Great Expectations - Estella
Often said to be Dickens’s first convincing female character, Estella is an ironic creation, one who darkly undermines the notion of romantic love and serves as a bitter criticism against the class system in which she is mired.
This means that although Dickens had written about females before, Estella was the first one that seemed to be like a real person, not just a character in a book.
She is ‘iconic’ because she represents the struggle of women against men.
What is an icon?
An icon is something which stands in for something else. For example, we all know emojis - they are small pictures standing in for writing lots of words about how we feel in a chat.
She shows that love is not always romantic, but can be hard, hurting and destroying.
In the social structure of the time, women were often married not so much for love, but to marry into, or join, families for money.
Raised from the age of three by Miss Havisham to torment men and “break their hearts,” Estella wins Pip’s deepest love by being deliberately cruel.
Unlike the warm, kind heroine of a traditional love story, Estella is cold, cynical, and manipulative.
She has a cold heart - and is ‘manipulative’.
What is ‘manipulative’?
It’s when someone tries to make you do things you do not really want to do, but they say things or promise things to make you do it.
Though she represents Pip’s idea of life among the upper classes, Estella is actually even lower-born than Pip; as Pip learns near the end of the novel, she is the daughter of Magwitch, the coarse convict, and so comes from the very lowest level of society.
But life in the upper classes does not give happiness to Estella.
Instead, she is victimised twice by her adopted class.
This means that at least two situations cause her hurt.
First - rather than being raised by Magwitch, a man of great inner nobility and therefore an emotionally honest man, she is raised by Miss Havisham, who destroys her ability to express emotion and interact normally with the world.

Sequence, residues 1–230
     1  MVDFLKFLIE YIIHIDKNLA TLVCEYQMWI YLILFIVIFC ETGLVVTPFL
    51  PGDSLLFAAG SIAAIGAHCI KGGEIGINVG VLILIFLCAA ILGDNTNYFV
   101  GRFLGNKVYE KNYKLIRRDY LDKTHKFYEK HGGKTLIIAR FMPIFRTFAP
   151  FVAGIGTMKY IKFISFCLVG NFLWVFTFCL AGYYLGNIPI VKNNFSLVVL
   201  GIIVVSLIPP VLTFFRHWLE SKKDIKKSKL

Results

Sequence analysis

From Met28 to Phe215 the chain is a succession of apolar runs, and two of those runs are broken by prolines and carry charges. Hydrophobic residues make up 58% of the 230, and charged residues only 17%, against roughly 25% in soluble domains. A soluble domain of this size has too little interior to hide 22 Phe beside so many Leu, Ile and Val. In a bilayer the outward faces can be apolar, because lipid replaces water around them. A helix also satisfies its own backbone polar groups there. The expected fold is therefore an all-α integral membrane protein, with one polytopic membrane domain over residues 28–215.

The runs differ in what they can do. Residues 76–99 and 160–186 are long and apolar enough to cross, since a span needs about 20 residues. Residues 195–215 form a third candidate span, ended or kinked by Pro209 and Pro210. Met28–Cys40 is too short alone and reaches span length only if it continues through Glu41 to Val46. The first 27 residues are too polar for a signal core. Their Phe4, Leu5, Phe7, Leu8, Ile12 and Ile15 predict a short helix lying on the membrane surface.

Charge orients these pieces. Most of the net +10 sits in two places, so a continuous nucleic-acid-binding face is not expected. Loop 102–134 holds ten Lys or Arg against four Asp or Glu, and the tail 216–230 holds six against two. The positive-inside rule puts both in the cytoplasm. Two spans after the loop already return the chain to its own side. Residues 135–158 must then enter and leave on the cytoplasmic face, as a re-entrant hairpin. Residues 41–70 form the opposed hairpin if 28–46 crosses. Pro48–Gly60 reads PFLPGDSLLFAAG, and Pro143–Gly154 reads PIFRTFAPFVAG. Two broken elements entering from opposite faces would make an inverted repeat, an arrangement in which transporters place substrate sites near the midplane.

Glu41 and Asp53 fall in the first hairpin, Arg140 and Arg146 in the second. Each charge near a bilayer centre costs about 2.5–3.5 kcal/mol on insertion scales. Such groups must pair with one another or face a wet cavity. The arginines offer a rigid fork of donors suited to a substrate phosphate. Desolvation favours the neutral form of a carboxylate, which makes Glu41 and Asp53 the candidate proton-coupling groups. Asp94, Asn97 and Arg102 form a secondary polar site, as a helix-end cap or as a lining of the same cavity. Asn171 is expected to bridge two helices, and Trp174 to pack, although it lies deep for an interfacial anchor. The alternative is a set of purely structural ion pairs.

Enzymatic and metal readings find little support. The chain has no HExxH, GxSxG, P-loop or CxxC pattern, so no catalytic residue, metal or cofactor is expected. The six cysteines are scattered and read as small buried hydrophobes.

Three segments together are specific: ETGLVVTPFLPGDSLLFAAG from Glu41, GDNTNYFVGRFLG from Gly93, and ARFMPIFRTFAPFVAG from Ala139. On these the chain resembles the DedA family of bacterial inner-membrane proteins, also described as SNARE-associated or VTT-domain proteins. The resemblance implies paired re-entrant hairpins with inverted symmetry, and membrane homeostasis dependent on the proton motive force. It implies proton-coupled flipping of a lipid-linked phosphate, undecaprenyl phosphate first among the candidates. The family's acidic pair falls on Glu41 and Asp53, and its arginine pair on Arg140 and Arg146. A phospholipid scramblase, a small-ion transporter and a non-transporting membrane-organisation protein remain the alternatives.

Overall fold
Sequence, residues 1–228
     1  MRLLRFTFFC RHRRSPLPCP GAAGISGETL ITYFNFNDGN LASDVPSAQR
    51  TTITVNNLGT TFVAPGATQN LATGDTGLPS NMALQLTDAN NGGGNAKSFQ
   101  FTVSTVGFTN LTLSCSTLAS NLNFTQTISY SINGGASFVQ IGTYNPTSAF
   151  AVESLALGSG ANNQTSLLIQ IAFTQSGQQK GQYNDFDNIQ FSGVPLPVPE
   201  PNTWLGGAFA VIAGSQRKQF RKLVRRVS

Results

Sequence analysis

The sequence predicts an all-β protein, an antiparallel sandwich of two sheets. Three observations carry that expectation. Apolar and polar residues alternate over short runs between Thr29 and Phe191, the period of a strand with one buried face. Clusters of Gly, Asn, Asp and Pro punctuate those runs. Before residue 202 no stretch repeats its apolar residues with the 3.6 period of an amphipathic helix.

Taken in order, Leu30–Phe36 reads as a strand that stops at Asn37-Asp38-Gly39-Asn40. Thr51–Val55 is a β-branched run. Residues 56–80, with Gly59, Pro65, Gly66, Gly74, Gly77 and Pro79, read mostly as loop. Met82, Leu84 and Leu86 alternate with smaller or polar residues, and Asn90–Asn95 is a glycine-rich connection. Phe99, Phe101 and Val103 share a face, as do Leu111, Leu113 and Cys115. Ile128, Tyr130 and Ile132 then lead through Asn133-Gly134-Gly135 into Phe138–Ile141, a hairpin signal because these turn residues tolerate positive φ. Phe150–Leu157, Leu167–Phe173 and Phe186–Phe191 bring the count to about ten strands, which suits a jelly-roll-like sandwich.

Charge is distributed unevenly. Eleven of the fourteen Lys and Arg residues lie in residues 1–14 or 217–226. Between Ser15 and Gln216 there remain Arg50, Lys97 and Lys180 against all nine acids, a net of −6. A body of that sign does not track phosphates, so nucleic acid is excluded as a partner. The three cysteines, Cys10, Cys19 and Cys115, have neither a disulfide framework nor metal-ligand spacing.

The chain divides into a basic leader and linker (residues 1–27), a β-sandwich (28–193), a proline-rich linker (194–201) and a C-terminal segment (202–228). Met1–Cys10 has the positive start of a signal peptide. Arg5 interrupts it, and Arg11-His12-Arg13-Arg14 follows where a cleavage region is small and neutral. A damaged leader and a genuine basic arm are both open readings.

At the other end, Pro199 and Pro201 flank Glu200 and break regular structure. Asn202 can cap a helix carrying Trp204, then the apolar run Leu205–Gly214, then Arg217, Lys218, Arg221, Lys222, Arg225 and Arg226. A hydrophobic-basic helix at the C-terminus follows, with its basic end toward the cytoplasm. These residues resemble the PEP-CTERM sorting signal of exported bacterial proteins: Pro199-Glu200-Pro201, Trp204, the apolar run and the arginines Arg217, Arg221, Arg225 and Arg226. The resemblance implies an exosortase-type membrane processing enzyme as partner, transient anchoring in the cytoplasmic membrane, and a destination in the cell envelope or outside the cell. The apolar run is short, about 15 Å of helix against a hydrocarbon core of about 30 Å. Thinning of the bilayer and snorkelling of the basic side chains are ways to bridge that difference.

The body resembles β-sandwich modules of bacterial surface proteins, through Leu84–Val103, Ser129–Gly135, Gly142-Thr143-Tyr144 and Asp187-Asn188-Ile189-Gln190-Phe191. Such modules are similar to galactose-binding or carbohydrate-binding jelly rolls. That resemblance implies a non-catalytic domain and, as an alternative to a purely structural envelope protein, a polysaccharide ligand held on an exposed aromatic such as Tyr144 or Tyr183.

And rather than marrying the kindhearted commoner Pip, Estella marries the cruel nobleman Drummle, who treats her harshly and makes her life miserable for many years.
In this way, Dickens uses Estella’s life to reinforce the idea that happiness and well-being are not so connected to social position, or money: even if Estella had been poor, she might have been better off in love and happiness marrying the Pip without money.
Despite her cold behaviour and the damaging influences in her life, Dickens nevertheless ensures that Estella is still a sympathetic character.
Do you know what ‘sympathetic’ means here?
It means we can feel sad for her, knowing that she is damaged in her emotions.
By giving the reader a sense of Estella’s inner struggle to discover and act on her own feelings, rather just letting Estella being horrible to all men, Dickens gives the reader a glimpse of Estella’s inner life, which helps to explain what Pip might love about her. She is obviously beautiful for Pip, but there’s something else too.
Estella does not seem able to stop herself hurting Pip, but she also seems not to want to hurt him; she often warns him that she has “no heart” and tries to tell him as strongly as she can, to find happiness by leaving her behind.
Finally, Estella’s long, painful marriage to Bentley Drummle causes her to develop the same way as Pip—that is, she learns, through experience, to rely on and trust her own inner feelings.
In the final scene of the novel, she has become her own woman for the first time in the book. This means that she realises what she has done and how she has hurt people.
As she says to Pip, “Suffering has been stronger than all other teaching . . . I have been bent and broken, but—I hope—into a better shape.”